Investor Alert: Closed-end Funds

Every so often when they’ve been presented with a large number of recent regulatory or disciplinary cases involving a specific type of investment, the financial industry watchdog, FINRA, will issue an “Investor Alert” that serves to heighten awareness among investors. Well, the other day, FINRA came out with a new alert about something called “closed-end funds.” Like with alt mutual funds, which FINRA has also issued a recent alert about, the presence of the word “fund” in “closed-end funds” seems to throw novice investors for a loop: they tend to immediately think of that old investment standby, mutual funds. And while traditional mutual funds and closed-end funds do have a lot in common, the differences are what’s crucial here.

By Dave Dugdale from Superior, USA (Analyzing Financial Data  Uploaded by Ainali) [CC-BY-SA-2.0 (], via Wikimedia Commons

By Dave Dugdale from Superior, USA (Analyzing Financial Data  Uploaded by Ainali) [CC-BY-SA-2.0 (], via Wikimedia Commons


What’s a “closed-end fund”?

According to the FINRA notice, a closed-end fund is “a type of investment company that pools money from investors to buy securities. Closed-end funds are similar to mutual funds in that they professionally manage portfolios of stocks, bonds or other investments (including illiquid securities). Unlike mutual funds, which continuously sell newly issued shares and redeem outstanding shares, most closed-end funds offer a fixed number of shares in an initial public offering (IPO) that are then traded on an exchange.” Hence the term “closed-end.”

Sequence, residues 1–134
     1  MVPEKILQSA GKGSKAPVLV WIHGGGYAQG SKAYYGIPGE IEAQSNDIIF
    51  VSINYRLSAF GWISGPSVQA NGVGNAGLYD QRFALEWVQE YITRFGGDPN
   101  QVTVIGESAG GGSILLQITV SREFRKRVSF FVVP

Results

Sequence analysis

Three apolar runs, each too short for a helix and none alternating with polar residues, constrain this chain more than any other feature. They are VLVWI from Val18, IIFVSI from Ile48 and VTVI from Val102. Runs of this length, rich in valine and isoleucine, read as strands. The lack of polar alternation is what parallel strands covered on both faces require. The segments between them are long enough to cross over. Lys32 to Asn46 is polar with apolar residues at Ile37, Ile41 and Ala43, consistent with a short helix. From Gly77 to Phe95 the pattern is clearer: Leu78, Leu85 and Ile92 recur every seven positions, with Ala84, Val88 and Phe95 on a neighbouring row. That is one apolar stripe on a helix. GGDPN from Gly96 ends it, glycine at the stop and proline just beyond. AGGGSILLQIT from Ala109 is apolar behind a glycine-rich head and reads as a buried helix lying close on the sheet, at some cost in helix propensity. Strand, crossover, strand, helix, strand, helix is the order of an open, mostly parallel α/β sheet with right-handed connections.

Another major difference between traditional mutual funds and closed-end mutual funds is that the latter pay off in distributions rather than returns. Difficulty distinguishing between the two has apparently been wreaking havoc on investors, who hear/read 6% distribution and want to jump in.

Here below, we’ve put together a few key characteristics of closed-end funds based on FINRA’s alert that you need to know before you purchase shares in one:

  1. Like traditional mutual funds, closed-end funds charge annual fees and expenses.

  2. Both mutual funds and closed-end funds use leverage which can magnify gains and losses.

  3. Closed-end funds can hold a greater percentage of illiquid investments in their portfolios than can mutual funds.

  4. In certain cases, the distributions of a closed-end fund can include a return of principal. That means the monies may come from the fund’s assets. Which means that there can be significant risk involved.

For more information, including the six questions FINRA suggested you ask before investing in a closed-end fund, click here to view their Investor Alert.

If you or anyone you know has been the victim of broker misconduct or investment fraud, please contact us immediately toll-free at 1-855-462-3330 for a free consultation.